If you’ve seen a Pixar movie (of course you have) then you’ve experienced the musical compositions of Randy Newman (Toy Story 1-3, A Bugs Life, Cars, Monsters, Inc.) or Michael Giacchino (The Incredibles, Ratatouille, Up, Cars 2).
Of course, there have been more composers for Pixar films than just Randy and Michael, but these two gentlemen, in addition to David Newman and Trevor Rabin are the panel of experts who are fielding questions about their careers and the history and future of Hollywood film music (as presented by 89.3 KPCC radio).
Below is a summary of Randy and Michael’s comments – I hope you find them useful to get a little more insight into the movie-making process of Pixar films.
- Michael mentioned that when composers get the animated storyboards or the first cut of the movie, they have a temp track associated with them. The temp track is a temporary track of music that the director and editor have attached to the scenes – this music is music from other movies that have already been released. The director/editor does this to try and test the scene when a base level of music to see if the scene is feeling like it works as they intend. Michael noted that he works very closely with directors and they often tell him to turn off the temp track and create what he feels, but there are times when they will say, “listen to this moment – that’s the feeling we’re very specifically trying to get here”.
- The panel all mentioned that they get involved with the film process quite early. Michael mentioned that he wants to get involved with the movie as early as possible and will sometimes go to the production set (or screening room) to get the early feel. In true, quirky, somewhat dark fashion, Randy Newman mentioned that he would never go to a movie set even if it was in his backyard – he will wait until the first cut is done.
- They talked about the current trend of rock musicians pairing up with a composer to score a movie (after Trent Reznor scored The Social Network soundtrack). They said it’s too early to get a real feel if this will stay or if it is a passing trend, but Randy noted that it’s a big talking point in the industry right now. He compared it to how rock musicians always banter about what is “real rock”, the classical and movie composers are also asking who are “true composers”. He thinks it’s a bunch of snobberies and it will take time to see how the industry moves on this.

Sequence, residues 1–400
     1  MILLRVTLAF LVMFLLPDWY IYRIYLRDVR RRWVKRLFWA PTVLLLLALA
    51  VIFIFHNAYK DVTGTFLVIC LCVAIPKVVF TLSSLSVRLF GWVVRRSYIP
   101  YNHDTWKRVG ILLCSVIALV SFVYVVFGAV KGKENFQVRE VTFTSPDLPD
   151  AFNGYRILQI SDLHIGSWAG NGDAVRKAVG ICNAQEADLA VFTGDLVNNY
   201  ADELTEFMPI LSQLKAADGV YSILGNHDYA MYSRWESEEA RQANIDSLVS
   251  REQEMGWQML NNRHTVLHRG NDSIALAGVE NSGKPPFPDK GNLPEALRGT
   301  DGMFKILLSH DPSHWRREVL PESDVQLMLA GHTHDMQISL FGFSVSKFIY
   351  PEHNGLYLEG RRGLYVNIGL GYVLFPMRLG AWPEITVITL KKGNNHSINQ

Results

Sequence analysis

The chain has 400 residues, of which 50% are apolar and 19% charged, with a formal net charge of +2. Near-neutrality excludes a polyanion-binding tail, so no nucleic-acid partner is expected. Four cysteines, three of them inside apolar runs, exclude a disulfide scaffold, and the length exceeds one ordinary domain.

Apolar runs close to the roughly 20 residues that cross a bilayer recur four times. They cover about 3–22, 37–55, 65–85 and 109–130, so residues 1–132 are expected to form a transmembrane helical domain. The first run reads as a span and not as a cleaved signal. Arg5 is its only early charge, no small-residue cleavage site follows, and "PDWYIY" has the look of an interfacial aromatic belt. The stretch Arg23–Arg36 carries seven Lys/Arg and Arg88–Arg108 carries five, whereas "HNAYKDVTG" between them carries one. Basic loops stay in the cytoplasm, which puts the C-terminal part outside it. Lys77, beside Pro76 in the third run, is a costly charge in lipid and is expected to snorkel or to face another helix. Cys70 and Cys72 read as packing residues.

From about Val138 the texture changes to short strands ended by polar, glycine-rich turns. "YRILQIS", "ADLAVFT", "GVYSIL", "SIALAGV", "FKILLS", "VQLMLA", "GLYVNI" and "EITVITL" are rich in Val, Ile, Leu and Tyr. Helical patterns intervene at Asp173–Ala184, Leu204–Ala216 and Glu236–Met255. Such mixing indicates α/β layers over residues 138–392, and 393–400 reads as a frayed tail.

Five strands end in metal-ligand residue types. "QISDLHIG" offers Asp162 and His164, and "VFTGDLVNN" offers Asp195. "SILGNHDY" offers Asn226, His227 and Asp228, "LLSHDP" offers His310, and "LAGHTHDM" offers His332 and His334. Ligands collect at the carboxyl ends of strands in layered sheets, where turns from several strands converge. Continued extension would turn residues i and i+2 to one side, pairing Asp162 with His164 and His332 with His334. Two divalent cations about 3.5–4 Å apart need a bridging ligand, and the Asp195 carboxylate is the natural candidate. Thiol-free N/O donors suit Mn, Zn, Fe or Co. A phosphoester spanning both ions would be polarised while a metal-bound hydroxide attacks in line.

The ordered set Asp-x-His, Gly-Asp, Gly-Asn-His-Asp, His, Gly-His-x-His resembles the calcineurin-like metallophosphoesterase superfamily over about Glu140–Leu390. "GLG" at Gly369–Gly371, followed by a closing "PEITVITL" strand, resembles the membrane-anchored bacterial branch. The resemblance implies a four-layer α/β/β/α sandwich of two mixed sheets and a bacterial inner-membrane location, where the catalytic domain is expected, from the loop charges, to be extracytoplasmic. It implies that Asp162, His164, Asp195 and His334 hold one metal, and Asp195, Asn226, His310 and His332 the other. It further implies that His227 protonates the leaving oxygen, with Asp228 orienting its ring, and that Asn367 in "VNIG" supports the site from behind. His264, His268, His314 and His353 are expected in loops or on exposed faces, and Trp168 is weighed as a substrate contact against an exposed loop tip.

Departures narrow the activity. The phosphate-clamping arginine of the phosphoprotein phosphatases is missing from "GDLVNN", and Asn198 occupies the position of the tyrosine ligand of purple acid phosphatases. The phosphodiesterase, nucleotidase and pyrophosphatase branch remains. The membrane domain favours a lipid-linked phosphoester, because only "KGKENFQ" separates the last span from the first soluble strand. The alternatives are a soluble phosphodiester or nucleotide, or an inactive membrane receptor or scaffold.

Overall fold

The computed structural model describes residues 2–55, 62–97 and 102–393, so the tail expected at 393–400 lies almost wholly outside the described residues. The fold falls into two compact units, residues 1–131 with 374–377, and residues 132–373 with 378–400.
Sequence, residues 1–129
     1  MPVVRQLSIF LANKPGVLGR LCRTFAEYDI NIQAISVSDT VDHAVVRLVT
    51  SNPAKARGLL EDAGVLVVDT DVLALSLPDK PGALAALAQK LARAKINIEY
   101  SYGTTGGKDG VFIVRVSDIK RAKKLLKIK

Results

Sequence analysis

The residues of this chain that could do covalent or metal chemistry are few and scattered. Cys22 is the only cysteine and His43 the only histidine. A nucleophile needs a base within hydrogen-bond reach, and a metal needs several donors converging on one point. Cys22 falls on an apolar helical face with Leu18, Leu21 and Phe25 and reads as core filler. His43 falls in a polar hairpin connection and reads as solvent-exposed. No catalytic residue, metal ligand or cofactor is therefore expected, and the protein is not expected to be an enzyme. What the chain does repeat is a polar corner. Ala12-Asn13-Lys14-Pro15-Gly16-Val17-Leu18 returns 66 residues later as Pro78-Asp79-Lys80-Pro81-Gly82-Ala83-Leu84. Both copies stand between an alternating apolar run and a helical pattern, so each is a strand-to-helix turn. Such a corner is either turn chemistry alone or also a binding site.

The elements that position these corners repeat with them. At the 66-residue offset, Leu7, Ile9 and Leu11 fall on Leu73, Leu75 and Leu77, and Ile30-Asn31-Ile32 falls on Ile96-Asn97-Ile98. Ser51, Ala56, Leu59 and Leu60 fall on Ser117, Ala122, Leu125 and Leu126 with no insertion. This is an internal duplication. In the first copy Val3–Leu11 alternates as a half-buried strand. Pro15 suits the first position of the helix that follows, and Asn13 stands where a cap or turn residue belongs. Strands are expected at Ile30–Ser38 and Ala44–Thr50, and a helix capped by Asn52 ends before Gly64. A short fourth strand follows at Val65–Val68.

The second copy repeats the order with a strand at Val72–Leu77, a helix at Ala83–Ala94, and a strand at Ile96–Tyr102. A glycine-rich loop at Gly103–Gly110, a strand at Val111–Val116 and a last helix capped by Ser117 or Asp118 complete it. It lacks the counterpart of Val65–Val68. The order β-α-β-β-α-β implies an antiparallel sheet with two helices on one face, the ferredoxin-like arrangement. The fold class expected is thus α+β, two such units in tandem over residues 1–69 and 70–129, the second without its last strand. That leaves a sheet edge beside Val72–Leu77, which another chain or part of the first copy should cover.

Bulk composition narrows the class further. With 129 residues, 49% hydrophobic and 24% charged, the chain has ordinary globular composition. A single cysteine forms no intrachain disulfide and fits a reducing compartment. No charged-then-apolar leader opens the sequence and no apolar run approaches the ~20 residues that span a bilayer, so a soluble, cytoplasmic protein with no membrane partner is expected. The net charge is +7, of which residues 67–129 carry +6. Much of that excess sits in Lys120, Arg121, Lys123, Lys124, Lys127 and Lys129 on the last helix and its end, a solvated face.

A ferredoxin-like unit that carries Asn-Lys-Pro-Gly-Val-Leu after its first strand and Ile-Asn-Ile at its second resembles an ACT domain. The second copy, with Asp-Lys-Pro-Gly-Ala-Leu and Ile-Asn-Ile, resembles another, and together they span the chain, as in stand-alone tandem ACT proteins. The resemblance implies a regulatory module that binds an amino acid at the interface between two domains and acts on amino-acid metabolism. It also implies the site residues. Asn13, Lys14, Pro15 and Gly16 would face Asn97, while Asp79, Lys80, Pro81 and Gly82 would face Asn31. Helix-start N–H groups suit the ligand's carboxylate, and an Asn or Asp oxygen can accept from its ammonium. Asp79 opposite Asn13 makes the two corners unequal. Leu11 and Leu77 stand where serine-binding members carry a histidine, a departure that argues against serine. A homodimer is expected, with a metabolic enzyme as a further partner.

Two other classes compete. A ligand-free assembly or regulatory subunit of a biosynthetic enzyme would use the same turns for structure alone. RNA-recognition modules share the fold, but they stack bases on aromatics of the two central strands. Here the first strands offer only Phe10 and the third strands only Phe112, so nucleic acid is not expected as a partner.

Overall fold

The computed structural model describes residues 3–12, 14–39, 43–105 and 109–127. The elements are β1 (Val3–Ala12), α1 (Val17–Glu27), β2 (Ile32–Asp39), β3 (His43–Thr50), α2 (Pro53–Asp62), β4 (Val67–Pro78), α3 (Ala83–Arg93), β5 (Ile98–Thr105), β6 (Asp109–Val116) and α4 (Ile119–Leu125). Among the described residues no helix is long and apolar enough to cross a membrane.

- Michael went out of his way to praise the live musicians that he works with. He noted that he uses the same full team of musicians on all of the live recordings he does – he feels this gives him a more family feel for his compositions and allows for more emotion to come out while they’re recording.
- The panel all agreed that you have to “feel” the scene in order to compose music that contains emotion behind it. Michael mentioned that he was really connected with the opening scene in Up and said that he cried when he was solely viewing the storyboards because he was thinking to himself, “oh my gosh, this is something we’re all going to have to go through”.
In my opinion, Michael was a complete class act at the event and definitely seemed the most upbeat of the four panelists. He provided the most insight into composing for film and presented his information in a professional manner.